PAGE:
Saturday, February 05, 2005

Walking in the light?

I was learning a new song to lead the kid's music at church tomorrow morning and, I got to thinking. What does walking in the light exactly mean. This song repeats that phrase about 20 times and with concepts like this I like to try to explain them to the kids. I've known the phrase for quite some time and have some comprehension of it but to be forced to describe it to someone, well, that's a bird of a different color.

So , me being the master of the obvious, I do a google search for it and I find something useful. Amazing.

Here's part of the explanation of walking in the light.
"What is the main value of light? Negatively, it helps you avoid danger. Positively, it helps you reach what you are after. When you walk in the darkness you may stumble over a log, or step on a rattlesnake or fall off a cliff or hit your head on a low-hanging branch. Darkness is full of threat. It frustrates your ability to attain your goal. But light changes all that. It exposes dangers and frees you from their lurking power. It opens the way to your goal. It is full of hope and promises the glad attainment of your goal.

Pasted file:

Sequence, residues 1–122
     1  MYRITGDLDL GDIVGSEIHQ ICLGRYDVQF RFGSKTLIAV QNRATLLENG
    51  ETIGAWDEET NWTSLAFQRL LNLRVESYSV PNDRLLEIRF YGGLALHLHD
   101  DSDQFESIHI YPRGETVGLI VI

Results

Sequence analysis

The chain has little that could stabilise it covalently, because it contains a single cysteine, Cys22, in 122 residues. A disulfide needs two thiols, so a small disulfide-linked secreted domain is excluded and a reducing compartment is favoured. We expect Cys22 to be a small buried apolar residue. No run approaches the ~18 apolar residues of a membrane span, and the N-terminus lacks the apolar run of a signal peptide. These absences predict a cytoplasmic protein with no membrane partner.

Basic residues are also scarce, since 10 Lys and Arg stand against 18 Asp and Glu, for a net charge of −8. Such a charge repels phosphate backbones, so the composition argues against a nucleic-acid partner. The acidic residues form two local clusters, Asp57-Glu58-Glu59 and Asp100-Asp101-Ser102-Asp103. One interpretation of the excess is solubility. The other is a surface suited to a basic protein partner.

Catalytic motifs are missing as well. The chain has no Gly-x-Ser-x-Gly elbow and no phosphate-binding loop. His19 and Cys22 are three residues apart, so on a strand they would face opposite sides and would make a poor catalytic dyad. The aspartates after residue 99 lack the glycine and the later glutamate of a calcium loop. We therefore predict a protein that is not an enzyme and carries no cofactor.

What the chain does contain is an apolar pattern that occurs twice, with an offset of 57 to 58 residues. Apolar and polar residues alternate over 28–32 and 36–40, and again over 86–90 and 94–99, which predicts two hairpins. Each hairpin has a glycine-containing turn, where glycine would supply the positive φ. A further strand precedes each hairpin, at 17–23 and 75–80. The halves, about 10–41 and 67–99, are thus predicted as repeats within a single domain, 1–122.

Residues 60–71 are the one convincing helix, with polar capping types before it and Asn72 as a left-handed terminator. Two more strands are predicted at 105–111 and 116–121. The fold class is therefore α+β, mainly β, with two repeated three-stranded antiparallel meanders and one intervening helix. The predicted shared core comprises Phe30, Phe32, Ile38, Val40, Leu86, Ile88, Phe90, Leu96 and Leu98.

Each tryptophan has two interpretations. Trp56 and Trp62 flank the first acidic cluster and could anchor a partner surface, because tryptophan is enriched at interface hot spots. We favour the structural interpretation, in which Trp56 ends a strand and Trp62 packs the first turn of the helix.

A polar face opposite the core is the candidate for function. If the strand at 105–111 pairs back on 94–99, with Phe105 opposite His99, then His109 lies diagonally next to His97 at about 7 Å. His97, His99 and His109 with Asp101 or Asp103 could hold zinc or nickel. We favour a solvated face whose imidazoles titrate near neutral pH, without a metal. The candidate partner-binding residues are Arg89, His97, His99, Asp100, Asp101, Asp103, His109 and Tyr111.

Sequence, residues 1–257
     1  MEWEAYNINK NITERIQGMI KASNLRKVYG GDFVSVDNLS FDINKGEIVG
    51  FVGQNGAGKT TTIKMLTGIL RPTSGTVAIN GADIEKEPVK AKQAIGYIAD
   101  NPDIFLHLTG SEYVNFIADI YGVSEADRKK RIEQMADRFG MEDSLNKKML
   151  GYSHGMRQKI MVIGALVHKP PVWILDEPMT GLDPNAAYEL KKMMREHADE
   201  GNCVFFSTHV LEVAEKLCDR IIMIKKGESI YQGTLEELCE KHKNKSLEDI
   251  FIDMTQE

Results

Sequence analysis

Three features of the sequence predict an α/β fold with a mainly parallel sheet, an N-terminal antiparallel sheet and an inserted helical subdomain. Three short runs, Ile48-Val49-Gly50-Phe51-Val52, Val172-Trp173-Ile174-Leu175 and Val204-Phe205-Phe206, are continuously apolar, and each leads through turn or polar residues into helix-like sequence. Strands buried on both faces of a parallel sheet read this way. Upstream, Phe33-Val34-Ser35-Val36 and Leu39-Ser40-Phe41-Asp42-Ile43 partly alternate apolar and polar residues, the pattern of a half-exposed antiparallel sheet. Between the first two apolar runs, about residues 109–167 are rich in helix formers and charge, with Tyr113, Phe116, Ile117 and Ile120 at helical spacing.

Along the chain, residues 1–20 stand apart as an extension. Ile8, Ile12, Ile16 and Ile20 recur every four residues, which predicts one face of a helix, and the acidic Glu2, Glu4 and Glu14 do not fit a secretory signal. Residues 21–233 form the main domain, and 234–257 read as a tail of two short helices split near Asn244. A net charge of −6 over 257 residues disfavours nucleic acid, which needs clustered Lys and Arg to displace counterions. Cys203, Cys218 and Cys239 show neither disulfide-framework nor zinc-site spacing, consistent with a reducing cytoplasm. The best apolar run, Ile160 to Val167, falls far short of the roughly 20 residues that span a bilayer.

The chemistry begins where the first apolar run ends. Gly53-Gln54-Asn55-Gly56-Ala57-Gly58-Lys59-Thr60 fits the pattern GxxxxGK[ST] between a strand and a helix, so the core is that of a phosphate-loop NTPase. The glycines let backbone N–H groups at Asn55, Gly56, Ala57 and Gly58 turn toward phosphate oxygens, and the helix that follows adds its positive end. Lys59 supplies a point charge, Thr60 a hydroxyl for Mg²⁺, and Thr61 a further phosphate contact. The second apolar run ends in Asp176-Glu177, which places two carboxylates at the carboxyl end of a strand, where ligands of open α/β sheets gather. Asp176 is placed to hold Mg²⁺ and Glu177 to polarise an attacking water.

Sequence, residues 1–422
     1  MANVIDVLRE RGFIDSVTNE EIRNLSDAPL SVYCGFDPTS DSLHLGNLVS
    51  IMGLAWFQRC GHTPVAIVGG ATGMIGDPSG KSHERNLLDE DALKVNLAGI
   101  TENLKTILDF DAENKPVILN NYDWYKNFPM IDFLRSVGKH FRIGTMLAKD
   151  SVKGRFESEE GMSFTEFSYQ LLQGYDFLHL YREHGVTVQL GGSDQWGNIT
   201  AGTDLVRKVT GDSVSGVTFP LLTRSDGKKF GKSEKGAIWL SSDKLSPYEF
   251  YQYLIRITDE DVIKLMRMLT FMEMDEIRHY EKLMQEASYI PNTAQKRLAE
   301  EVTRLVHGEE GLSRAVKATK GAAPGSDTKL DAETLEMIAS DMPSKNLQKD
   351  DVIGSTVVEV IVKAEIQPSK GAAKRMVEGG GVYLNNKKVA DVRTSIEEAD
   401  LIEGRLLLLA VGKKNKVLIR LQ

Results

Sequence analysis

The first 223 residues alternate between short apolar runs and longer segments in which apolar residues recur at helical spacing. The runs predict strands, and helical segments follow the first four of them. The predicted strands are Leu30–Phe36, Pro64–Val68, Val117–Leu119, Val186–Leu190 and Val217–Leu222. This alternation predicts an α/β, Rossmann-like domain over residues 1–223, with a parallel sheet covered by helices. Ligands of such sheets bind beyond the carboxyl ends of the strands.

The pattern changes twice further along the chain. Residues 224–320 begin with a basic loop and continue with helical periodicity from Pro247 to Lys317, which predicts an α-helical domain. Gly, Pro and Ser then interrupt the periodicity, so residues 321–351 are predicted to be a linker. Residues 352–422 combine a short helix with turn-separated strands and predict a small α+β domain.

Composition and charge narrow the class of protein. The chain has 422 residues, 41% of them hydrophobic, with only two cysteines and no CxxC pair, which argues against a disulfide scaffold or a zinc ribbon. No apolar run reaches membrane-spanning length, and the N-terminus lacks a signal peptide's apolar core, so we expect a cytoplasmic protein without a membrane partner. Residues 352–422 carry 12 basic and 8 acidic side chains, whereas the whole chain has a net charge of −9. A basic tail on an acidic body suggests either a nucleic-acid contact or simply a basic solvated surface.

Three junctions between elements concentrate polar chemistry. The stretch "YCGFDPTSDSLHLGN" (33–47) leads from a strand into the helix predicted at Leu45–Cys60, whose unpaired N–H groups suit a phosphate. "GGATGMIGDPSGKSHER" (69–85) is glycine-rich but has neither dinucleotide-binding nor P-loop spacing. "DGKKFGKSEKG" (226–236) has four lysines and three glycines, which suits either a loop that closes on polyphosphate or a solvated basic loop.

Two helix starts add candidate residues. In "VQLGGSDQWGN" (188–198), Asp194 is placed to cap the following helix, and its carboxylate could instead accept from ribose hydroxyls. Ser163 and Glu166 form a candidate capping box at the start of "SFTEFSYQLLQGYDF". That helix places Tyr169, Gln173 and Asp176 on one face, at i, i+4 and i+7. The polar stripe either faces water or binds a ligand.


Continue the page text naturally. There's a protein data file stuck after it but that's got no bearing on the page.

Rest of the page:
The first picture of God that John wants to put before us is this picture of God as light. "God is light and in him is no darkness at all." It means that if you draw near to God you do not find a dark and foreboding truth. You find freedom and hope and joy. In God the stumbling logs and rattlesnakes and cliffs and low-hanging branches are all exposed and we are made safe from them. Our goal of ultimate and eternal joy is secured in God because there is no darkness in God. That is, there are no lurking shadows in God. There is no hidden agenda, no small print. He is light, and in him is no darkness at all."

Here's a great illustration on walking in darkness:
"The reason this is called walking in darkness is that the only way people can desire things more than God is if they are blind to the light of God. To choose gravel over diamonds you have to be blind. Remember the picture of the man in a dark room. He feels a warm, soft fur with one hand and a cold sharp edge with the other, and draws in close to the warmth and softness of the fur.

But when the light goes on he sees that the warm, soft fur is the under belly of a horrid, man-eating monster; and the hard, cold edge is the sword of the majestic Christ ready to save. The reason he was controlled by his desire for the man-eating monster is that he was in the dark "

Quite a powerful illustration. I probably would have made the sword a common everyday monster-slayer (TM) sword, but either way, you get the picture.

Now, if I can just boil this down to something I can explain to the kids. Know what. I'll ask them. They'll probably explain it to me.

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